A lot of those who think we can create peace, love and understanding by means of talk, good intentions and proper PR seem to think that combat (or law enforcement, for that matter) is like a video game. If you know what will happen on level 17, then you can cruise right through. And each time you have to go through 17 on the way to 18, 19 and 20, the “bad guys” in level 17 will do the same thing. I can only imagine that people with such a child-like view of the world have never even experienced so much as a fistfight in the grade school playground.
Combat is more like football: you go in with a plan. If it works, you keep doing it. If it doesn‘t, you change. If the other guy finds what he’s doing isn’t working, he’ll change. Oh, in the case of a lot of the insurgents, they refused to change, and got shot for their efforts. Ideology, political or religious, can prevent change. But once the stupid or stubborn ones are killed off (and let’s be clear and blunt about this; we’re talking combat) then those that are left will change. Adapt. Find what works, or at least works better.
Which is what happened in Iraq. After standing up and slugging it out, the bad guys figured out that IEDs worked better. So, they started setting bombs. Our guys adapted by changing the doctrine of how snipers worked.
Previously, snipers worked in two-man teams. (And, lest you think I’m revealing state secrets, this is common knowledge amongst those who pay attention.) They worked for commanders higher in the food chain than platoon or company commanders.
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Even battalion honchos were out of the loop at times. Snipers early on were viewed as being just as valuable if they saw and reported good intel as they were if they whacked bad guys. A sniper who is “working for” the regimental commander won’t even have a way to talk to the company commander whose area he’s “hunting in.” Barring an emergency, or a need to not get shot at by his own guys, the sniper would not even talk to, or be known to, the company commander.
The Iraqi-based bad guys started setting IEDs, and snipers went out with the idea of getting into a good “hide” and either shooting or reporting on the bomb setters. Well, when you’re out there on your own, two-man teams are less than optimal. In fact, they’re stupid. Two guys can’t watch the possible bomb sites and simultaneously watch their own backs. And if the bad guys come for them (someone spotted them, someone figured out the likely locations for hides, etc.) two guys can’t hold off more than a handful of attackers. Especially if one of them has a bolt-action M40/24.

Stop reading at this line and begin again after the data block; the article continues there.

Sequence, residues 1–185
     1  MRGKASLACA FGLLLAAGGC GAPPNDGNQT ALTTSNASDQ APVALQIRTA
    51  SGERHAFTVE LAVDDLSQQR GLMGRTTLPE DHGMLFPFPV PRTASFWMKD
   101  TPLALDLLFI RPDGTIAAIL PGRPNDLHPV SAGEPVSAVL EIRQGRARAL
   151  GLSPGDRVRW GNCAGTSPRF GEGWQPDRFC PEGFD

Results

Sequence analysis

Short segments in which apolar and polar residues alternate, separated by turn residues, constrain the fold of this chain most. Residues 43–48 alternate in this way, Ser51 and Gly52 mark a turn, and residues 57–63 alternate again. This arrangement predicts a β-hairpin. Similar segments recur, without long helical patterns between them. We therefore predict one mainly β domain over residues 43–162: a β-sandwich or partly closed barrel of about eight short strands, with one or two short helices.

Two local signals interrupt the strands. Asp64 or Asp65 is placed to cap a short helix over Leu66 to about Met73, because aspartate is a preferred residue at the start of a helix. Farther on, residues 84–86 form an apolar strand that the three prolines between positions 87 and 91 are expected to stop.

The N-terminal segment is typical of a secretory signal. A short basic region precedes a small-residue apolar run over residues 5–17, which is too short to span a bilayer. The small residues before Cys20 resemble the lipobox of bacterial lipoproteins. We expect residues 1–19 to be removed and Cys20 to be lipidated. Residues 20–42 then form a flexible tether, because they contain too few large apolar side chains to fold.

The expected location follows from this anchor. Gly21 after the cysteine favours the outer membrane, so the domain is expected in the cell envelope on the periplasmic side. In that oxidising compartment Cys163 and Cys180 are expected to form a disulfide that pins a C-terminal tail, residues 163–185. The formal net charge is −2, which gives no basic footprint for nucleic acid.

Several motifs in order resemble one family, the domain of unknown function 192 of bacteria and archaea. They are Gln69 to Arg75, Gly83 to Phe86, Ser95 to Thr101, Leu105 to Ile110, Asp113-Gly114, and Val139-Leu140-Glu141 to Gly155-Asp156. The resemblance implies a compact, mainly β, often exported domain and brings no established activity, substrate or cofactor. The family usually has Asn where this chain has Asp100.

Because bolt guns are slow. Oh, a trained bolt-gunner can fire 10 aimed shots in 70 seconds at Camp Perry, but that didn’t help. You see, school-trained snipers aren’t trained to work a bolt as if they were on the line at Perry. And 70 seconds is forever. If a team shows up to set a bomb, you want to bag them all, not just one or two. A bolt-gunner can get one, maybe two if they are far from cover. If someone has you under fire from an adjacent building while their buddies are assaulting up the staircase that is your exit, 70 seconds may be the rest of your life. As a result, there is a big push in the services for a semi-automatic sniper rifle and for bigger sniper teams.
About the Author: Patrick Sweeney is the author of many of Gun Digest books' best-selling titles, including Gun Digest Book of the 1911, Vols. I & II; Gun Digest Big Fat Book of the .45 ACP, Gun Digest Book of the AR-15, Gun Digest Book of the AK and SKS, Gun Digest Book of the Glock and Gunsmithing: Pistols and Revolvers, among other titles. A master gunsmith, Patrick is also Handguns Editor for Guns & Ammo magazine.